Ohio State Women, Tennessee Men Win 2022 NIC Team Titles

2022 NATIONAL INVITATIONAL CHAMPIONSHIP

  • March 10-12, 2022
  • Beacon Health Aquatic Center, Elkhart, Indiana
  • Short Course Yards (25 yards), Prelims/Finals
  • Results on Meet Mobile: “2022 CSCAA National Invitational Championship”

FULL MEET RESULTS

Top 5 Team Scores Through Day 3

WOMEN

  1. Ohio State University – 828
  2. Florida International University – 623
  3. University of Tennessee – 575.5
  4. The University of Akron – 544.5
  5. Rice University – 526

MEN

  1. University of Tennessee – 787
  2. Ohio State University – 670
  3. TCU – 661
  4. Grand Canyon – 535.5
  5. UCSD – 531.5

The Ohio State women and Tennessee men won the CSCAA National Invitational Championship titles on Saturday, both earning those honors convincingly.

The Vols kicked off the Saturday finals session with a win in the women’s 1650 free. Claire Nguyen won the event in 16:25.39, breaking the NIC meet record.

Tennessee freshman Asia Minnes grabbed another Vols win on Saturday, taking the women’s 100 IM, establishing a huge new personal best in the process. Minnes swam a 54.74, blowing away the 56.65 she had just set in the event 2 weeks ago at Kentucky’s Last Chance meet. With the swim, Minnes also broke the meet record.

Ohio State would go on to break 5 meet records during the final session of the meet. It started with the men’s 100 IM, where Pete Krusinksi swam a 48.35. Primarily a breaststroker, Krusinski took over the race on the back half.

Next, Thomas Watkins won the men’s 200 back, swimming a 1:42.80. He dipped under the meet record of 1:42.84 with the swim, also holding off Oakland’s Marko Khotynetskyi, the Horizon League champion in the event.

Ohio State senior James Ward swam a 42.88 to win the men’s 100 free, clocking a new personal best and a meet record in the process. Ward dipped under his previous best of 42.94, which was set at the Big Ten Championships just a few weeks ago.

Ward was also a member of Ohio State’s 400 free relay, which won in 2:53.15, breaking the meet record. Ward led off in 43.10, and was followed by Jay Johnson (43.66), Daniel Baltes (43.47), and Mario McDonald (42.92).

Morgan Kraus swam a huge new personal best en route to winning the 200 fly. Kraus clocked a 1:57.04, taking 5 seconds off her previous best in the event. She also broke the meet record with the swim.

Washington State 5th year Taylor McCoy ended her collegiate career with a win and a new program record to boot. McCoy, a 2021 NCAA qualifier, won the women’s 200 back in 1:55.86, breaking the Washington State team record with the swim. She swam a very evenly split race, splitting 57.84 on the first 100, and coming home in 58.02.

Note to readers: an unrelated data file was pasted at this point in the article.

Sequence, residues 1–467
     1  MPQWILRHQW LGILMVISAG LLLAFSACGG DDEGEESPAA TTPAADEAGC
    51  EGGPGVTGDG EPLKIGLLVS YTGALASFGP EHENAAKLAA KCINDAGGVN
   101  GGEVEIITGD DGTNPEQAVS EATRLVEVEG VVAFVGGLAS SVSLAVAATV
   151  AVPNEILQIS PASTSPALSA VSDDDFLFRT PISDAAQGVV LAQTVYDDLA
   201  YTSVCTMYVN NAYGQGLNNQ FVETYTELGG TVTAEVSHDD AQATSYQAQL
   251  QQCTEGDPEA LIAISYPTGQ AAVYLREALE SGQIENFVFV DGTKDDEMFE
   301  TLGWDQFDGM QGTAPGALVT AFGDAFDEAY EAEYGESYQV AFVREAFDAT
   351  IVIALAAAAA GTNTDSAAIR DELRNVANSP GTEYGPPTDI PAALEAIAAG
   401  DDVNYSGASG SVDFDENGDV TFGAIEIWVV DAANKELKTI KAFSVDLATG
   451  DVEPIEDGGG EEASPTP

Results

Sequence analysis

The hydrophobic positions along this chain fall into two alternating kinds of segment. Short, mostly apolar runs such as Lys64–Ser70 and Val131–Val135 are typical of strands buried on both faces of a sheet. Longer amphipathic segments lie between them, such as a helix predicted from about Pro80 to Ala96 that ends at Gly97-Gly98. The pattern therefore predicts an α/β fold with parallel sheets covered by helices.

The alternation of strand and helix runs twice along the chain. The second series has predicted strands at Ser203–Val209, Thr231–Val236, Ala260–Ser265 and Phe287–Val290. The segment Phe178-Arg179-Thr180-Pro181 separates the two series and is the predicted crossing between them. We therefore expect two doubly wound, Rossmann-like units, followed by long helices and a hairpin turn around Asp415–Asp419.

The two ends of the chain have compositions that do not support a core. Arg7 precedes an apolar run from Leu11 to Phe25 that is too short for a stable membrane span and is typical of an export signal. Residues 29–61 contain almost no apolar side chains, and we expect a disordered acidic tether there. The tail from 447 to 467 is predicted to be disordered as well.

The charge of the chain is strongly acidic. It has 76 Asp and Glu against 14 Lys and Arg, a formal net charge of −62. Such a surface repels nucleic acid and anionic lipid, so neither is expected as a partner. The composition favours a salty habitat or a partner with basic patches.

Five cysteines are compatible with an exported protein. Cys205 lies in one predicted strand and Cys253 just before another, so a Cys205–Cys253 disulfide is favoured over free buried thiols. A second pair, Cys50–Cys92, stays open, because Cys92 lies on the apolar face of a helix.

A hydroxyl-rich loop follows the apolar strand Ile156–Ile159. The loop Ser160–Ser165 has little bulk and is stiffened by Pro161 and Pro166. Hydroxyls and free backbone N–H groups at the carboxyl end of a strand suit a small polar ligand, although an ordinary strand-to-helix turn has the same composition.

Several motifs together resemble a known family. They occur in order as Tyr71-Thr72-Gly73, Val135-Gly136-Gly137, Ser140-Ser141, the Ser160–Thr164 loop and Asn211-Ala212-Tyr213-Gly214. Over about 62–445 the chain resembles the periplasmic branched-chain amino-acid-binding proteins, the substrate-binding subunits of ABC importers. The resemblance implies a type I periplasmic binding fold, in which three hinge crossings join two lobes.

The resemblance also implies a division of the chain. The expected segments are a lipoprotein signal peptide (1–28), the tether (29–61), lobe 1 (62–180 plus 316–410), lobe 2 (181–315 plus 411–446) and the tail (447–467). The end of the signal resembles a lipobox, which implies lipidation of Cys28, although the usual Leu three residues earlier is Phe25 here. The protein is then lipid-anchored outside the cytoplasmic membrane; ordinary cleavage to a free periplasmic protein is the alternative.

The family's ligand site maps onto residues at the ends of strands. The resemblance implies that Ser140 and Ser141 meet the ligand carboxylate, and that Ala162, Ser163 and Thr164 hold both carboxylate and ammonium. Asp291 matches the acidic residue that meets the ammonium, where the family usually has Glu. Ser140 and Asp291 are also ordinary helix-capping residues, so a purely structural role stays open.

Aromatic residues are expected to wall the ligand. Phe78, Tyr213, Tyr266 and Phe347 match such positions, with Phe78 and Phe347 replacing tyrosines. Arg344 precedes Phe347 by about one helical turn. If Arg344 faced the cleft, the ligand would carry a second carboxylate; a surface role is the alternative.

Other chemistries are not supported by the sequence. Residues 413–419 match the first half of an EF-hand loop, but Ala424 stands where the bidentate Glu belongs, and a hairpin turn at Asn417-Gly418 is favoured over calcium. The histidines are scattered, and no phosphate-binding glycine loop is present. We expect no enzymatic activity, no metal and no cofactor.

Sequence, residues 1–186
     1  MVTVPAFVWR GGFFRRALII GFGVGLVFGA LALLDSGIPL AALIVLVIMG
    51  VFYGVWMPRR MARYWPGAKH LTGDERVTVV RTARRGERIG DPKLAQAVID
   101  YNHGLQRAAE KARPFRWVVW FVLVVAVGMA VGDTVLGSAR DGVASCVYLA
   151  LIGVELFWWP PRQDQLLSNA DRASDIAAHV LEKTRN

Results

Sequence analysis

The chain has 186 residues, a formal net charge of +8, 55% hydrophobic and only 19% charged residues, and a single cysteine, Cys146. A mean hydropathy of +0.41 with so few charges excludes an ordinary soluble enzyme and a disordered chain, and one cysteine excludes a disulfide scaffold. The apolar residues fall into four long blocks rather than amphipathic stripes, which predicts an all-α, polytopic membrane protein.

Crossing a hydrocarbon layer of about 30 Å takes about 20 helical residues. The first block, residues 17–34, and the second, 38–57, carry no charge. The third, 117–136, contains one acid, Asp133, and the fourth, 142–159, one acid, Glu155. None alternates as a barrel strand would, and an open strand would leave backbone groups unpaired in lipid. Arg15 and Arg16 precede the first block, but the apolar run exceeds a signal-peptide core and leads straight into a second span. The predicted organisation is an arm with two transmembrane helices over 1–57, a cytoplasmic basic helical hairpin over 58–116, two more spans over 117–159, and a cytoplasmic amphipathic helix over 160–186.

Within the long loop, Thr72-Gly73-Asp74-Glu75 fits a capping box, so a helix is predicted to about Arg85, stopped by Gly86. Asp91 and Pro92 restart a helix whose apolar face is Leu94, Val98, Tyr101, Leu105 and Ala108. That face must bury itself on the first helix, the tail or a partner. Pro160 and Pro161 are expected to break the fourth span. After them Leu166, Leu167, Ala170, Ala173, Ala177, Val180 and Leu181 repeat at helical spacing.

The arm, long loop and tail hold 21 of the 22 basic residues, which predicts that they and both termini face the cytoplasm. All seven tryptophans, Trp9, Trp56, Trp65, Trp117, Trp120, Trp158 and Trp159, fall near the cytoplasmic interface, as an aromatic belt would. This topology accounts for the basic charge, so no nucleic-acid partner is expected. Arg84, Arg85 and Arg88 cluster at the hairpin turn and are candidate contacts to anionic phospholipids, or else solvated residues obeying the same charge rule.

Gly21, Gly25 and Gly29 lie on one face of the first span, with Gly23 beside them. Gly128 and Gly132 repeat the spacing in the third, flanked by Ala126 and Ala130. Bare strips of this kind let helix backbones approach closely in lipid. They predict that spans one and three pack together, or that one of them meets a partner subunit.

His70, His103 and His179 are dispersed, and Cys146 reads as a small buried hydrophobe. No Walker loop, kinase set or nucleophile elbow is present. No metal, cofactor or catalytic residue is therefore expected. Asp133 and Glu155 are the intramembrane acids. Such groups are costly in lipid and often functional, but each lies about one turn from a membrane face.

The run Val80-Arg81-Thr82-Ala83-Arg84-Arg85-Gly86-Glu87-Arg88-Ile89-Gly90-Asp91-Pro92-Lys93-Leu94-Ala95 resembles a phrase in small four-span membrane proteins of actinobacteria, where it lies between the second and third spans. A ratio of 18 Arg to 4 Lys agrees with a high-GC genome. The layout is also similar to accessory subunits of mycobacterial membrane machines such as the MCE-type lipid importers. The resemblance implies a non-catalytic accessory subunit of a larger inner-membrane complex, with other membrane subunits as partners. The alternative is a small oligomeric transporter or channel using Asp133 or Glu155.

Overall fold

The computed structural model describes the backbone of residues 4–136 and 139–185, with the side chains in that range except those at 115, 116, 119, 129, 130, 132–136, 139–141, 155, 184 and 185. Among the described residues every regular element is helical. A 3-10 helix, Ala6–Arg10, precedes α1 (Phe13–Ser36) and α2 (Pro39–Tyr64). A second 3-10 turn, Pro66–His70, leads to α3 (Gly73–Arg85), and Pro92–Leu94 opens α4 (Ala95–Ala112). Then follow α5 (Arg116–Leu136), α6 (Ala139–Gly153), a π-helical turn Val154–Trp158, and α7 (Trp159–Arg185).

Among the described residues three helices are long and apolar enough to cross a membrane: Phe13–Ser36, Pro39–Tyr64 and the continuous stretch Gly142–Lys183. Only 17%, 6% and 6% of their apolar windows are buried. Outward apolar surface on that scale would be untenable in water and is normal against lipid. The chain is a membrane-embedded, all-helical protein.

Other Saturday Event Winners:

  • Men’s 1650 free: Jake Narvid (TENN) – 15:07.25
  • Women’s 100 free: Tristan Harrison (OSU) – 49.63
  • Women’s 200 breast: Paula Garcia (Akron) – 2:11.33
  • Men’s 200 breast: Brett Champlin (TENN) – 1:55.43
  • Women’s 400 free: FIU (Hussey, Miranda, Gyertyanffy, Campbell) – 3:18.71

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Mike
10 months ago

Congrats to The Ohio State women! They have arguably the best team depth in the country and have put together a memorable season.

VFL
10 months ago

Go vols!!!

dlswim
10 months ago

This meet is a great idea!

Swimfan
Reply to  dlswim
10 months ago

Yes but still dominated by power five programs. I’d love to see a meet for the mid majors.

Mike
Reply to  Swimfan
10 months ago

Yes Ohio State is a power five team but when looking I noticed they won this without a single swimmer that was invited to NCAA’s. A few of the other schools did bring some NCAA invitees; but the vast majority of the swimmers were mid major competitors.

SEC
Reply to  Mike
10 months ago

I believe no ncaa qualifiers were allowed

Mike
Reply to  Swimfan
10 months ago

My mistake; Upon further review, it looks like there was only one NCAA invite that participated- Arielle Hayon from Rice.

Swammer
Reply to  Swimfan
10 months ago

Understand your perspective, but it’s also pretty cool for this mid-major guys to be able to race and compete with (and beat!) darn good athletes from big schools